Using purigen in a sponge filter - Page 2
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Old 11-07-2013, 03:10 AM   #16
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Quote:
Originally Posted by Bandit1200 View Post
Shoving anything in there will restrict your waterflow. If this is an air powered sponge filter it will likely stop your filter from working completely.
It's driven by a 50 gph powerhead.

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Originally Posted by pgaron View Post
Buy some elodia aka armchairs, it eats through nitrates and is an easy grow and it grows floating
I'm gonna assume you mean elodea aka anacharish, and yes, I do have that in there, as well at watersprite and frogbit.

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Originally Posted by chad320 View Post
I would guess the sponge filter IS the problem. Its probably not enough filtration for your bioload and you would be better off with a HOB filter, even if its a small one.
All I have in the tank are 5 pygmy cories, 8 RCS, and 1 bamboo shrimp.

I suspect the cause of my high nitrates is from the osmocote+ I have placed in the substrate, perhaps I placed too much or not deep enough and it is leaching some stuff into the water.
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Old 11-07-2013, 03:18 AM   #17
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So after some more reading, it turns out that purigen only removes the organic source of ammonia and nitrogen. Would the Deep Blue Professional Nitrate pads absorb nitrates?
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Old 11-07-2013, 03:30 AM   #18
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You can try nitri-zorb, but that just trades nitrates for sodium. I've also added too many o+ tablets and had a nitrate spike that lasted four months. You can wait it out, replace the substrate, or add a ton of plants, or increase water changes.

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Old 11-07-2013, 03:32 AM   #19
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Probably would.

I would approach the problem this way:

Step 1: Remove nitrates from the tap water, or use a water that has none. This is a small tank, it will not blow the budget to buy RO or distilled water for it. Use tap water ONLY if it is proven that the plants are capable of handling the nitrate load.

Step 2: Redo the tank, removing the substrate (and its overload of Osmocote).

By removing two of the three sources of NO3 you are left with the protein in the food as the main source, and every fish/shrimp keeper deals with that. A good assortment of plants ought to be able to cope with that much nitrogen.

Comment to two of the people who posted on page one:
Excess NO3 is not a lack of or incomplete nitrogen cycle.
If there is no other source of NO3, then high NO3 is a sign that the cycle IS complete.
Seeing ammonia or nitrite (NO2) are signs that the nitrogen cycle is not complete.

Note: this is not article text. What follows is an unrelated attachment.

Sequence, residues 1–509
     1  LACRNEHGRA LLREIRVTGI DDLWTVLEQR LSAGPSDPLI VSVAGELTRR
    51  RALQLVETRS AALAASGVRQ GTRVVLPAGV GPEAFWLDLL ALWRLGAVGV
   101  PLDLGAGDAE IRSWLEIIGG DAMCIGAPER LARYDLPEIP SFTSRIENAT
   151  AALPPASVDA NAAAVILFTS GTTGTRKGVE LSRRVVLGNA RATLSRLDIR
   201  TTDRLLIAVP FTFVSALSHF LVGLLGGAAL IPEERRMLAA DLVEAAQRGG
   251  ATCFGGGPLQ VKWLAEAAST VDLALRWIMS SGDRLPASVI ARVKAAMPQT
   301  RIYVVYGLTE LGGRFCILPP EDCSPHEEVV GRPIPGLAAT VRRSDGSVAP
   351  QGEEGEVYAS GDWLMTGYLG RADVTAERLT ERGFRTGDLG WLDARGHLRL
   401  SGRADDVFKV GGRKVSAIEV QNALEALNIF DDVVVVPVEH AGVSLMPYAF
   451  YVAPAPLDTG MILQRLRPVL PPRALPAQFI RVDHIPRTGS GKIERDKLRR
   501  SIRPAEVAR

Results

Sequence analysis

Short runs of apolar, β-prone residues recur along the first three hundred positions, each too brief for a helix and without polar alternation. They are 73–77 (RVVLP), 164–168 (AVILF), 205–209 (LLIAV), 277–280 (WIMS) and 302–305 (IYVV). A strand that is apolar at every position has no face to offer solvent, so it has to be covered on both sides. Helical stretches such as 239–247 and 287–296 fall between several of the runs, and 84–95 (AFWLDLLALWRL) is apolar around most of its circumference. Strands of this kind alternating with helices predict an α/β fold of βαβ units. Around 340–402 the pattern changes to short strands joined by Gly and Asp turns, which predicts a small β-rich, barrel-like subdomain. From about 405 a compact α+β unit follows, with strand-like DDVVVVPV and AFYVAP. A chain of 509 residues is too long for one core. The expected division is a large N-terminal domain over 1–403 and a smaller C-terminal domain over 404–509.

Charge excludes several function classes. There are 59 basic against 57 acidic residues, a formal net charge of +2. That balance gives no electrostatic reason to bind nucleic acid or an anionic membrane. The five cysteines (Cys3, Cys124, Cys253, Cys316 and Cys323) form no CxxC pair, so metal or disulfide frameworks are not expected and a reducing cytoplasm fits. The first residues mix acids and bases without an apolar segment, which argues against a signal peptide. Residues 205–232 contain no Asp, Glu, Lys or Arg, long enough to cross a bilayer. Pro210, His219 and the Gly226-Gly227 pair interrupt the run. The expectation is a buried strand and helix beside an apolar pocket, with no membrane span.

In this specific case the OP said the tap water tested positive for NO3, and later posted about Osmocote in the substrate.
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Old 11-07-2013, 03:43 AM   #20
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Quote:
Originally Posted by Diana View Post
Probably would.

I would approach the problem this way:

Step 1: Remove nitrates from the tap water, or use a water that has none. This is a small tank, it will not blow the budget to buy RO or distilled water for it. Use tap water ONLY if it is proven that the plants are capable of handling the nitrate load.

Step 2: Redo the tank, removing the substrate (and its overload of Osmocote).

By removing two of the three sources of NO3 you are left with the protein in the food as the main source, and every fish/shrimp keeper deals with that. A good assortment of plants ought to be able to cope with that much nitrogen.

Comment to two of the people who posted on page one:
Excess NO3 is not a lack of or incomplete nitrogen cycle.
If there is no other source of NO3, then high NO3 is a sign that the cycle IS complete.
Seeing ammonia or nitrite (NO2) are signs that the nitrogen cycle is not complete.

In this specific case the OP said the tap water tested positive for NO3, and later posted about Osmocote in the substrate.
OP indicated quickly rising no3 levels, his tank is little over one month old. He had said nothing about the o+ before my post. O+ or not, I stand by my original estimation that his cycle is incomplete.
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Old 11-07-2013, 03:50 AM   #21
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My tank has been running since September and I have placed 3 O+ tabs in my tank. What I will probably do is to take a cup and scoop up the substrate where I have placed the tabs and try to remove the O+ pellets by hand. I will also continue to monitor my nitrates to see how fast it rises over the following days. After today's 40% water change, it is a 10-20ppm.
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